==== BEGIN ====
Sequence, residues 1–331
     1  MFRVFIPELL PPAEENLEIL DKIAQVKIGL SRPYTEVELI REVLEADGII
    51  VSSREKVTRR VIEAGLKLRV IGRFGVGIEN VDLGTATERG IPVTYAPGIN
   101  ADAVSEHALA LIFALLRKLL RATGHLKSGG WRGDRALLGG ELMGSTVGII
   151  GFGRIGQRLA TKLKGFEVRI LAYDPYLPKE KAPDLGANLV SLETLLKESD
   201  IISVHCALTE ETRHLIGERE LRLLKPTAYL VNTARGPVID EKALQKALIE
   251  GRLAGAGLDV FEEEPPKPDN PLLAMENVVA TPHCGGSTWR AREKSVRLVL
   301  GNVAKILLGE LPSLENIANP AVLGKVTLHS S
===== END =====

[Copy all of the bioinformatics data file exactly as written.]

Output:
Sequence, residues 1–331
     1  MFRVFIPELL PPAEENLEIL DKIAQVKIGL SRPYTEVELI REVLEADGII
    51  VSSREKVTRR VIEAGLKLRV IGRFGVGIEN VDLGTATERG IPVTYAPGIN
   101  ADAVSEHALA LIFALLRKLL RATGHLKSGG WRGDRALLGG ELMGSTVGII
   151  GFGRIGQRLA TKLKGFEVRI LAYDPYLPKE KAPDLGANLV SLETLLKESD
   201  IISVHCALTE ETRHLIGERE LRLLKPTAYL VNTARGPVID EKALQKALIE
   251  GRLAGAGLDV FEEEPPKPDN PLLAMENVVA TPHCGGSTWR AREKSVRLVL
   301  GNVAKILLGE LPSLENIANP AVLGKVTLHS S